LOS ANGELES (CBS SF/AP) — A technical problem created a lag in California’s tally of coronavirus test results, casting doubt on the accuracy of recent data and hindering efforts to track the spread, the state’s top health official said Tuesday.
Health and Human Services Secretary Dr. Mark Ghaly said California recently stopped receiving a full count of tests conducted, or positive results, through electronic lab reports due to an unresolved issue he did not describe. The state’s data page now carries a disclaimer saying the numbers “represent an underreporting of actual positive cases” per day.READ MORE: COVID Omicron Variant: CDC Expands Surveillance To San Francisco International Airport
“We’ve discovered some discrepancies and we’re working hard to reach out to the labs to get accurate information in a manual process,” said Dr. Ghaly.
The revelation comes as the state showed improvements in the infection rate and number of positive cases. The latest daily tally posted Tuesday showed 4,526 new confirmed positives, the lowest total in more than six weeks and a precipitous drop from the record nearly 13,000 reported two weeks ago. After the issue came to light, county health officials posted notices on their sites advising of the lag and that a drop in cases might not paint a full picture.
Wendy Hetherington, Riverside County’s chief of epidemiology and program evaluation, said she believes hundreds of cases a day haven’t been reported in her county. The under-count impedes the ability to find newly infected individuals and quickly inform those who have been in close contact with them so they can self-quarantine.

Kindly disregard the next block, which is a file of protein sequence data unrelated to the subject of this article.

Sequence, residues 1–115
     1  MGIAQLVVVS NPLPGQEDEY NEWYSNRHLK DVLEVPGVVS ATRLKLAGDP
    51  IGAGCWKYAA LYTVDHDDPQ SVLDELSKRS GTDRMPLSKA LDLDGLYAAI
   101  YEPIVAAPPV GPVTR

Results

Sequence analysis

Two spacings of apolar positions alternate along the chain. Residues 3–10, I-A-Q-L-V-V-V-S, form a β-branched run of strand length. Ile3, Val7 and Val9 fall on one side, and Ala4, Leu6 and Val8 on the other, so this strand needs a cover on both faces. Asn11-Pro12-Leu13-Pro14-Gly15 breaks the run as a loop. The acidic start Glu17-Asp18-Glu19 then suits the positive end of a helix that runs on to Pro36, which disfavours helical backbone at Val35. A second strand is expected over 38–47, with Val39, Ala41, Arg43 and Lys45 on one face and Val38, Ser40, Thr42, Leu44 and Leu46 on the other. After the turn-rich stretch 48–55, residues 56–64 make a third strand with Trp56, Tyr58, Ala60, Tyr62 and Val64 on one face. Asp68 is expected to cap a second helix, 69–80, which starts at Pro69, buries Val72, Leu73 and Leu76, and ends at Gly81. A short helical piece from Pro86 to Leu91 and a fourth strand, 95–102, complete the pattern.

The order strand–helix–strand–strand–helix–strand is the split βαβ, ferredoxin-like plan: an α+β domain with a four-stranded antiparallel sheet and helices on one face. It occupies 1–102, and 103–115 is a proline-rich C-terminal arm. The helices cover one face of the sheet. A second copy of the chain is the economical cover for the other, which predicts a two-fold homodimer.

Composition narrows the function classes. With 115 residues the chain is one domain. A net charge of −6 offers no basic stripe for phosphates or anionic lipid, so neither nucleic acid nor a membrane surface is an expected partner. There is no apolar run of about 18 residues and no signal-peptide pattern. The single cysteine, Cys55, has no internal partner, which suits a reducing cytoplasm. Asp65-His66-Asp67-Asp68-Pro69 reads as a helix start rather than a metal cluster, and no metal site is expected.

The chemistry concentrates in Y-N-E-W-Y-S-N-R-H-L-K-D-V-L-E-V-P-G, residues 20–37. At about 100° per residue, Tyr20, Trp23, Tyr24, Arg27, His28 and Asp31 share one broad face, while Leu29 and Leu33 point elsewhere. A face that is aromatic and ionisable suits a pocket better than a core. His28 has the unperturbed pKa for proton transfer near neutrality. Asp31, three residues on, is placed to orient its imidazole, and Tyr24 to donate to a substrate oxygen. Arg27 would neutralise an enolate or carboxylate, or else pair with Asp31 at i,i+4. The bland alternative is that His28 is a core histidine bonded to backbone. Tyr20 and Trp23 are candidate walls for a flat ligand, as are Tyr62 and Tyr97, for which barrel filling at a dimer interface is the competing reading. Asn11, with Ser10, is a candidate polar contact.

“We’re delaying case investigations. We’re delaying follow up,” she said, adding: “We can’t tell how well we’re doing until this issue is resolved.”
Even with the under-reporting of cases, California has recorded more positive tests than any other state, about 520,000.
UCSF infectious disease specialist Dr. Peter Chin-Hong says despite the state’s discrepancies, it’s important to focus on the long-term trend.READ MORE: San Francisco Bay Area Bridge Tolls To Jump By $1 On Jan. 1
“I do believe that we are seeing a decline in overall cases in the country,” he said. “Even Governor Newsom said don’t look at this one week per se, but we’re hopefully thinking that this will be a trend.”
On Monday, Gov. Gavin Newsom gave his most optimistic report on the state’s virus efforts since a second surge of cases in early June. He noted daily cases had dropped by an average of 2,200 in the last week and the infection rate of 6.1% was significantly lower than the nearly 8% recorded last month.
Ghaly acknowledged the rate Newsom highlighted was based on incomplete data and that missing data is being inputted manually. He stressed that looking at one- and two-week trends can help account for missing data from individual days.
Ghaly said hospitalization data — which doesn’t run through the same troubled system — saw signs of improvement in recent days. The latest count Tuesday showed 6,302 people were hospitalized, a 12% drop from the high recorded in July. Deaths have now topped 9,500.
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